The Excellence in Academic Outreach award honors those who exemplify UT’s land-grant mission by using intellectual capital to benefit the citizens of Tennessee.
Robert Kronick, a professor in the Department of Educational Psychology and Counseling and director of University Assisted Community Schools, has been the force behind the full-service schools movement in our community for 20 years. His work combines community activism, service to diverse and at-risk populations, UT student involvement, action research, and scholarship. Thanks to his efforts, three of Knoxville’s Title I schools offer medical and dental care, tutoring, counseling, and after-school and summer enrichment programs to more than 2,100 students and their families. In turn, these schools provide meaningful clinical and research experience for more than 300 UT students each year. Kronick has procured over $1.5 million in grant funding to develop and maintain these programs, and he has published extensively on the importance of partnerships between universities and communities in support of school reform. Although Kronick’s focus has been on Knoxville, his school reform efforts have ignited a movement that’s grown far beyond UT and earned recognition by the Carnegie Advisory Committee, which chose his program as one of 50 exemplary partnerships in 2015.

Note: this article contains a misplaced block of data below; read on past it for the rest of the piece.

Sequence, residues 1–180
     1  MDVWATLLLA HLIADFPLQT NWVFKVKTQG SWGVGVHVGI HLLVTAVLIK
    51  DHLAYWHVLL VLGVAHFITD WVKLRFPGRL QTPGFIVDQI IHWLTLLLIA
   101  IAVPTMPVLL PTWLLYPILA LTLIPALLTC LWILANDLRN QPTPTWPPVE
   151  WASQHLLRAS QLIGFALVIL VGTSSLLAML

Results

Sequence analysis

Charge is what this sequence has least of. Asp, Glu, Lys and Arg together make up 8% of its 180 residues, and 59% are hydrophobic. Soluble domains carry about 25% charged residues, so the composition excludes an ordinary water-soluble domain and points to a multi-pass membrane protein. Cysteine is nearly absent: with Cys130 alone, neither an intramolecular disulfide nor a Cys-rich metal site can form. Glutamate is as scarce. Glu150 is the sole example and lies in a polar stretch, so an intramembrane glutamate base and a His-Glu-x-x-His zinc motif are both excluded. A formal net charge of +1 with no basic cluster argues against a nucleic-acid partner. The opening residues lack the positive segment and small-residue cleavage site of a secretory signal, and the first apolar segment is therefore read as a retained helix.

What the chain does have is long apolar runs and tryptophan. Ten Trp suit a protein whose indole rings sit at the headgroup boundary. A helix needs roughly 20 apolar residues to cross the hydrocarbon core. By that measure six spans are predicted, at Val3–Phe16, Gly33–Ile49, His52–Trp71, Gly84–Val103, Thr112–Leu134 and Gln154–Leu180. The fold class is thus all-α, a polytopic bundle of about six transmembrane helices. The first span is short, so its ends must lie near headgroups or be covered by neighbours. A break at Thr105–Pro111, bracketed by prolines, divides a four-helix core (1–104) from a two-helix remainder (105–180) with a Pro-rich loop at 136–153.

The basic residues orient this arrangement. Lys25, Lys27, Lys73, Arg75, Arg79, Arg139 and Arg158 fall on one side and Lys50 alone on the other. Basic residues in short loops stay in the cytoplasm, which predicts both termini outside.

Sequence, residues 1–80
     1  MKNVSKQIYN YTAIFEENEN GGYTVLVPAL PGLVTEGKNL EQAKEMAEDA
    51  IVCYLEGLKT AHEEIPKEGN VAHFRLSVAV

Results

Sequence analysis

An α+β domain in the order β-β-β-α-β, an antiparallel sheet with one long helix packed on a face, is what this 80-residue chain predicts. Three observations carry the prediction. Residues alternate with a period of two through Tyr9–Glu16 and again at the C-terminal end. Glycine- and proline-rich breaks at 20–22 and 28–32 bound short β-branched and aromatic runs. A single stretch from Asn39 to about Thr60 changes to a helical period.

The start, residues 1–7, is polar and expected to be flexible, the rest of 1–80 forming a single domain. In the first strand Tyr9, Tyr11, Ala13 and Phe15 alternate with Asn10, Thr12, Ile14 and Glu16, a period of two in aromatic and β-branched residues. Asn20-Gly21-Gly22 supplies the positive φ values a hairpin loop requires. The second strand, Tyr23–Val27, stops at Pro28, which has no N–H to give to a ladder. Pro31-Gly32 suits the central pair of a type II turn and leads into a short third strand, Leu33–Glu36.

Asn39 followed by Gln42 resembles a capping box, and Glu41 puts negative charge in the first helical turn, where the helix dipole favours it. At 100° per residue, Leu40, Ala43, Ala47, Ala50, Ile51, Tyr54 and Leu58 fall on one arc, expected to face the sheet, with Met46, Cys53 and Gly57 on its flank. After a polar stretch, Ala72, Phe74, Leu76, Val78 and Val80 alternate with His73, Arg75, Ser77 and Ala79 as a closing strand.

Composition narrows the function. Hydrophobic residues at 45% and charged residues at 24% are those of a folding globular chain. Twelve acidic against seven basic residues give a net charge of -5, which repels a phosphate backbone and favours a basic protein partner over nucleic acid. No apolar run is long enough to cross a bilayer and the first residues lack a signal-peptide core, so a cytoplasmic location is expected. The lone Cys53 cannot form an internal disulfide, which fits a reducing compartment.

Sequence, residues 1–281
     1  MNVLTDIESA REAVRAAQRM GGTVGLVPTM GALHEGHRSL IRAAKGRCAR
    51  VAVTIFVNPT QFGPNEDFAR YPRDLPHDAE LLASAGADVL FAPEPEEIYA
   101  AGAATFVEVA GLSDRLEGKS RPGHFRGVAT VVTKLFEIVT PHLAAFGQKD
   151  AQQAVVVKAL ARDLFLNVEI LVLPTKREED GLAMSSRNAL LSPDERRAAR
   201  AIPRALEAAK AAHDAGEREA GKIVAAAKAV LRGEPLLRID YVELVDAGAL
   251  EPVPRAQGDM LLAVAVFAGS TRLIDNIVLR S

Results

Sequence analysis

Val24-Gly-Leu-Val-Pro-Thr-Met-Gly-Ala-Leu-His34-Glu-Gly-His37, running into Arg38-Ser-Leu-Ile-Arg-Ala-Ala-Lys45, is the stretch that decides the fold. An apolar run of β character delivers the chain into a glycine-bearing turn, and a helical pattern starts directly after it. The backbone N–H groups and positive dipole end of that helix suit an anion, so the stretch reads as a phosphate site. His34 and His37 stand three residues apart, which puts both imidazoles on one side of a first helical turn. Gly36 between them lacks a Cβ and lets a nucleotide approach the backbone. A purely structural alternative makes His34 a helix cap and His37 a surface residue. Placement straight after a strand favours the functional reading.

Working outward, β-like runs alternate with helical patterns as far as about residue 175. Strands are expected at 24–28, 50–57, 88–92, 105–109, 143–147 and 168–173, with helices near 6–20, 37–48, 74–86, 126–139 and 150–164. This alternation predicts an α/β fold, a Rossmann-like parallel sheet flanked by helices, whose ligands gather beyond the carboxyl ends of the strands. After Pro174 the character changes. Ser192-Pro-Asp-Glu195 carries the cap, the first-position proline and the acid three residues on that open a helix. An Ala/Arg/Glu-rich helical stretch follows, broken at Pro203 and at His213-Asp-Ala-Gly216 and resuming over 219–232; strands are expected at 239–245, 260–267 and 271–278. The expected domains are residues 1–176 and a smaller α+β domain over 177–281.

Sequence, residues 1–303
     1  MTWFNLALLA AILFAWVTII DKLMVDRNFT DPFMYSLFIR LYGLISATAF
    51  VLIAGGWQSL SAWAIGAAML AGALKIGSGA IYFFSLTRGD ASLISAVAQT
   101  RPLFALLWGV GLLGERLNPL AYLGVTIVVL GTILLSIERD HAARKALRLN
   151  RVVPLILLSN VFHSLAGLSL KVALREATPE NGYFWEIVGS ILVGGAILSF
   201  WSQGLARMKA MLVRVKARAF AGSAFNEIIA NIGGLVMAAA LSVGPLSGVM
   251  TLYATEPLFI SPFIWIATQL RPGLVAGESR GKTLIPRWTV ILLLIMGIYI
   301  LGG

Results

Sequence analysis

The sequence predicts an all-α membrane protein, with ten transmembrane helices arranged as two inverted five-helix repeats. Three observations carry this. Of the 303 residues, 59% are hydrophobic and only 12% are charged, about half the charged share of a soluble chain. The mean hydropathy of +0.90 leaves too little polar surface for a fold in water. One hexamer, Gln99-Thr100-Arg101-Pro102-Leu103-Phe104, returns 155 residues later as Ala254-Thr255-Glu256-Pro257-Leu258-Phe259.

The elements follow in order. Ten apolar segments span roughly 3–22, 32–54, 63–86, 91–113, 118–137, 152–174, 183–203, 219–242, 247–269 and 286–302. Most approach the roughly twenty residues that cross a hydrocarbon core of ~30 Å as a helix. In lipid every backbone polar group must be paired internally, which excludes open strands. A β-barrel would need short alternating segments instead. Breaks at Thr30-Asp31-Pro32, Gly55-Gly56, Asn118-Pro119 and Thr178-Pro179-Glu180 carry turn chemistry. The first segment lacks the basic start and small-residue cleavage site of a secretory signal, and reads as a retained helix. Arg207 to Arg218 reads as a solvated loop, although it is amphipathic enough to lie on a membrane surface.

When asked why he shifted his research from an early focus on prison systems to elementary schools, Kronick said he wanted to have an early impact on people’s lives in the hope that they might escape incarceration. One colleague observed that Kronick “changes the world one student, one family, one classroom, one school, one school district . . . at a time.”